How to help your child with depression

Treating depression in your child.

You can lead a horse to water, but you can’t make it drink. Keep this in mind.


Helping a person with mental illness can be hard as it is, but when it is your own child it’s a bit different. Parenting comes with so many obstacles and mental illness, depression in particular, is a big one. It can be very hard on the mental health of parents to watch their child slowly withdraw from school and friends or partake in reckless and careless behaviors. It may be hard to withhold yelling and becoming angry at them for their behaviors, but it is important to learn how to respond to these things and help a child who is suffering from depression while also respecting them.


However, it is important to realize depression isn’t always obvious and presents uniquely in each individual.


Signs Your Child May be Suffering from Depression


  • Irritability, short fused 


As a result of hormones and mental illness combined, teens who suffer from depression can be quick to get angry. Commonly, when they are approached about their recent behaviors or asked if they are doing okay, most will become defensive and angry. Depression can make each day feel as if it is purely a survival task, struggling to get through a normal routine while battling dark and hopeless thoughts, this can be very frustrating and causes the world to be very hard to understand thus resulting in increased anger and irritability.


  • Does not enjoy usual activities


Depression can consume even what once was your passion and warp it into something miserable. As a result of the intense fatigue and hopeless thoughts, it can be hard to enjoy what you once did and simple tasks can feel almost impossible. If you see your teen has withdrawn from friends, sports, or any usual hobbies this could be a big sign they are suffering from depression.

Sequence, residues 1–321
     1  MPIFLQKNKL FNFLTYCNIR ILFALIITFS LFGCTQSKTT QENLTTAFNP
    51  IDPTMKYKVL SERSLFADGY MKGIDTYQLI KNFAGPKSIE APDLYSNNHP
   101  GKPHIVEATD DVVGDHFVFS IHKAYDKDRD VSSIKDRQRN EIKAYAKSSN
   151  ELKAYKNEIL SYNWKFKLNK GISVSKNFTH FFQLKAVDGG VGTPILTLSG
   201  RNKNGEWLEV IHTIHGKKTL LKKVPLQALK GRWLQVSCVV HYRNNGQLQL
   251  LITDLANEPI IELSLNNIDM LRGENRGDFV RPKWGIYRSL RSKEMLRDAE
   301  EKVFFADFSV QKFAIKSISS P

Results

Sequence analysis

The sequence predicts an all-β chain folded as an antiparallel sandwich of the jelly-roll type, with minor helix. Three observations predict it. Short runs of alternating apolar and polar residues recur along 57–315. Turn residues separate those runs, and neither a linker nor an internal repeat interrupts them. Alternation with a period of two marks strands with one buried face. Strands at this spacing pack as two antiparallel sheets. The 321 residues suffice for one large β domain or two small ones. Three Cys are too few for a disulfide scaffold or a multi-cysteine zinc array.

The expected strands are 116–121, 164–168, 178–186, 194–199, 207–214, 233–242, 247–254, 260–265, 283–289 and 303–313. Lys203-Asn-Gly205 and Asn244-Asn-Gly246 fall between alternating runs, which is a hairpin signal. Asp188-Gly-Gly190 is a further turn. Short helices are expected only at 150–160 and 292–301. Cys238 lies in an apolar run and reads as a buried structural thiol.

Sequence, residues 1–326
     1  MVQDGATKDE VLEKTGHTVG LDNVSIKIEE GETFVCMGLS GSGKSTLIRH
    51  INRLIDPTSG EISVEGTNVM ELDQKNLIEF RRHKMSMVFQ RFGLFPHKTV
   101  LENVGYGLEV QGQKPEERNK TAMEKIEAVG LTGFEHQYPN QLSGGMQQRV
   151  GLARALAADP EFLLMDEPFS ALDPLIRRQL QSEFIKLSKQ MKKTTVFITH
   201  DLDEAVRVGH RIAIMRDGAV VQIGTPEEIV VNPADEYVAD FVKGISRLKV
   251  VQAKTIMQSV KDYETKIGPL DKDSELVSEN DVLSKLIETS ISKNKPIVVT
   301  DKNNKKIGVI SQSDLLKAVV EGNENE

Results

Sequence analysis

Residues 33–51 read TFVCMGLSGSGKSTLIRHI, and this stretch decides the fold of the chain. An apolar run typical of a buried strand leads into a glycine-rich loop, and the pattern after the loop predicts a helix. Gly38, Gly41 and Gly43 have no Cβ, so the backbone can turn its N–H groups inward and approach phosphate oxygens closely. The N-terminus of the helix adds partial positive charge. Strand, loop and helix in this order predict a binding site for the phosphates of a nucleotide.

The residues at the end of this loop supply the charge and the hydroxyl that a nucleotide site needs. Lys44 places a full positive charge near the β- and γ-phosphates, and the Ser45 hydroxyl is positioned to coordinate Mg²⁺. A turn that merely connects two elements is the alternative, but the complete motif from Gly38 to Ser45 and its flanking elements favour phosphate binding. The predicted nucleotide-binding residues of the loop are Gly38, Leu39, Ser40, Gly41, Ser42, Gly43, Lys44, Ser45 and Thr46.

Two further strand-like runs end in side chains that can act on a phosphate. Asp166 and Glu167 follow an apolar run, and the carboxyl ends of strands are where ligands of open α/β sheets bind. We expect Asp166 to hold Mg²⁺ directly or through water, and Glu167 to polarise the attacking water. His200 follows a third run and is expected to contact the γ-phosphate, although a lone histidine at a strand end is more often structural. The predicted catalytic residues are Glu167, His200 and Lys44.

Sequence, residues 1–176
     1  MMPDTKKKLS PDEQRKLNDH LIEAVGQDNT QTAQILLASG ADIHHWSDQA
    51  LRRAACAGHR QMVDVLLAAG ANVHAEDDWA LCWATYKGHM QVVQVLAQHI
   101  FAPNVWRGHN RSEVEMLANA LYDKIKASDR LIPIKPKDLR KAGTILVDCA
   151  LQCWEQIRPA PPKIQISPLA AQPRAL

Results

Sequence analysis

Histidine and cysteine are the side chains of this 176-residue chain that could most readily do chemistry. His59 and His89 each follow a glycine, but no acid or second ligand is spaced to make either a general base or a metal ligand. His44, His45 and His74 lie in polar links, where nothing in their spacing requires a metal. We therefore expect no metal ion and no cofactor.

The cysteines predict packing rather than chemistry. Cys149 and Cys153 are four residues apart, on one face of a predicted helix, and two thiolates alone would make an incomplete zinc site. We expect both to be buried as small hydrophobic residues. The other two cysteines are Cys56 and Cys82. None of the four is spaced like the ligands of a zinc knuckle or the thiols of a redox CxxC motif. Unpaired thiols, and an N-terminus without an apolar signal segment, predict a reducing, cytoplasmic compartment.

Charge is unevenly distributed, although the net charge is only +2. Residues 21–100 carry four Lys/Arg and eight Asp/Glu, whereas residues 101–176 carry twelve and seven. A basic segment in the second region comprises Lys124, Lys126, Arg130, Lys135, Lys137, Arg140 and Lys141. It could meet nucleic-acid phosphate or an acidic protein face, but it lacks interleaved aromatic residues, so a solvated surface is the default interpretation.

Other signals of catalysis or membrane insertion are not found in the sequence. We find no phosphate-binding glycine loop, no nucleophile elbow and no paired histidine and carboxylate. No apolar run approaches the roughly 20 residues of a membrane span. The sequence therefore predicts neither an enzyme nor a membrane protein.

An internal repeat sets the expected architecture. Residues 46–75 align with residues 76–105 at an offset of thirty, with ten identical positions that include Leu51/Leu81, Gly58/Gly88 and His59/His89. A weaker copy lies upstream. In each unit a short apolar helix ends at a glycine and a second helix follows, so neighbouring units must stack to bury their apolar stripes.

• Withdrawn from social activities, friends, and/or family


Depression can cause even conversation to feel like a hassle or in some cases just pointless. It can also cause it to hard for your teen to connect with others, wondering why they are not as happy and content as their peers. Not only this, but paired with poor self-esteem and the stress of judgmental peers it can cause social anxiety when in school or other social activities, thus causing them to withdraw and isolate. If you notice your teen spends an abundance of the day in their room, and this is not normally how they spend their time, it can be a sign of depression.


  • Persistent fatigue

When a person suffers from depression, symptoms of fatigue go far beyond tiredness or a bad sleep schedule. The fatigue is caused by a chemical imbalance of dopamine, norepinephrine, and serotonin. These are neurotransmitters that maintain energy levels, appetite, and sleep, and as a result of depression they are not regulated as normal. Due to this, the neurotransmitters are not firing as quickly or consistently to stimulate the muscle fibers, this causes the body and limbs to feel heavy as if you had just done strenuous physical activity.


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